Dovrefjell, the home of the musk ox

The Dovrefjell-Sunndalsfjella National Park is the only home on the European continent of an animal that existed during the Ice Age, a legendary mammal: the musk ox.

As I trek through a layer of snow, at -10ºC, I scan the horizon for any moving black dots. I have to take advantage of moments when the blizzard subsides. When it starts to snow and the wind blows, the entire landscape becomes a white canvas.

After a short hike, I spot them. A group of musk oxen. There are some calves. Some are eating and others are lying down. It’s a priority for me not to disturb them. In the winter, the weather in the tundra is very harsh. There are seasons where these mammals lose almost half their weight. That’s why I don’t want to scare them and make them waste energy unnecessarily.

I approach slowly, analyzing their behavior. As long as they continue eating and lying down, ignoring me, it means my presence doesn’t scare them. When I’m close enough, I lie down in the snow and start taking pictures. The excitement has made me forget about the cold.

It’s impressive to think that these majestic mammals existed during the Ice Age, and coexisted with iconic animals such as mammoths. A demonstration of their great resistance and adaptation to the tundra climate. Only out of control hunting of musk oxen almost caused the extinction of this species at the end of the 19th century. On the European continent it disappeared. And it wasn’t until 1932 that they returned, when ten specimens from Greenland were brought to the mountains of Dovrefjell. With the intention of recovering a territory that they should never have lost.

Currently, there are more than two hundred musk oxen in Norway. Although their future is uncertain. Climate change can be devastating for this species, with the exacerbation of the already extreme climate of the ecosystems they inhabit.

As the snow starts to fall and the wind starts to blow, all the musk oxen gather and lie down on the ground. A tough winter night awaits them. It’s also time for me to head back to the car before the sun sets and the temperature drops even more.

Dawn in Dovrefjell-Sunndalsfjella National Park.


Musk oxen are unable to break through ice. They need to find areas of grass covered only by snow, which they clear away using their thick legs.


During mating season, male musk oxen compete by head-butting. The strongest will secure a harem of around six females. In winter, they also sometimes engage in head-butting. The reason for this behavior is unknown.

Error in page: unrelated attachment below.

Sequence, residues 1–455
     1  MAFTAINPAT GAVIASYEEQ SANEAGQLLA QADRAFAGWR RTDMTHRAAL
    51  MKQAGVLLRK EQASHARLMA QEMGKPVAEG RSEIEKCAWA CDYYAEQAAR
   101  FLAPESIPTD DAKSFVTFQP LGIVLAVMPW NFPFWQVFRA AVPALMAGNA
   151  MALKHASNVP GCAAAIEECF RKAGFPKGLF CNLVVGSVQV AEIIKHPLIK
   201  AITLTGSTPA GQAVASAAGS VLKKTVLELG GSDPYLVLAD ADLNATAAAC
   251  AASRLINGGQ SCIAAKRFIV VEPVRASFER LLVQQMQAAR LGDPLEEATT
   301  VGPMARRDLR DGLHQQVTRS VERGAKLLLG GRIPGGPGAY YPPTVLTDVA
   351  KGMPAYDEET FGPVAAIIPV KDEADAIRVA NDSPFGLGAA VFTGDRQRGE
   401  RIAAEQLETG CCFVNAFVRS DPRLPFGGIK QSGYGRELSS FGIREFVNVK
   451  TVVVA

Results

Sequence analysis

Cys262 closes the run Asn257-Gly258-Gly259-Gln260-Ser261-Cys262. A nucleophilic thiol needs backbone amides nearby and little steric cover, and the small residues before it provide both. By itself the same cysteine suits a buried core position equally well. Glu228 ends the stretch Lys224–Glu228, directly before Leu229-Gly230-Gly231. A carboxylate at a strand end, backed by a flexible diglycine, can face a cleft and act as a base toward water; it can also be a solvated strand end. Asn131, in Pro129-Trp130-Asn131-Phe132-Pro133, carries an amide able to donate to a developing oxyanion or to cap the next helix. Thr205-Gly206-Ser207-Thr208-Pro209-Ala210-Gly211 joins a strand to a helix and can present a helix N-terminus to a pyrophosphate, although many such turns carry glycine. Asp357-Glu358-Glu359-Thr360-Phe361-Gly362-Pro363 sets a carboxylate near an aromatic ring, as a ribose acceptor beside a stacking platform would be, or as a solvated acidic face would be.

A group of musk oxen eating. As snow covers the landscape, it will become more difficult for them to find food.


The thick fur of these animals provides protection against extreme temperatures. It consists of two layers that help retain heat. The inner layer is dense and composed of short and fine hairs that are well adhered to each other. The outer layer, on the other hand, is made up of long, thick, soft, and woolly hairs.


Musk oxen calves are always accompanied by adult animals. Their main predator is the wolf, although there is no established population in Dovrefjell.


A roe deer in the meadows surrounding the Dovrefjell-Sunndalsfjella National Park.


Dawn in the Dovrefjell mountains. Everything is frozen.


Some days, the sun’s light can peek through the clouds. Then the landscape is tinged with magic.


The wind is blowing, constantly lifting snow.


The musk oxen stoically wait for the blizzard to pass. Their face and back gradually become covered in snow.


These animals are called “musk oxen” due to the fact that the male has a gland that emits a strong musk-like aroma during mating season.


Photographing in the tundra during winter can be a real challenge. The gusts of wind raise the snow and the field of vision is greatly reduced.


Musk oxen belong to the subfamily “Caprinae”, making them more closely related to goats or sheep than to oxen, bison, or buffalo.


The rock mounds in Dovrefjell are very useful for orientation. Due to the cold, it is easy to run out of battery on the GPS or mobile phone.


The dark fur of the musk oxen stands out against the white of the snow.


In Dovrefjell, there are not only musk oxen. It is also home to reindeer, elk, arctic foxes, snow partridges and Arctic hares (like the one in the photo).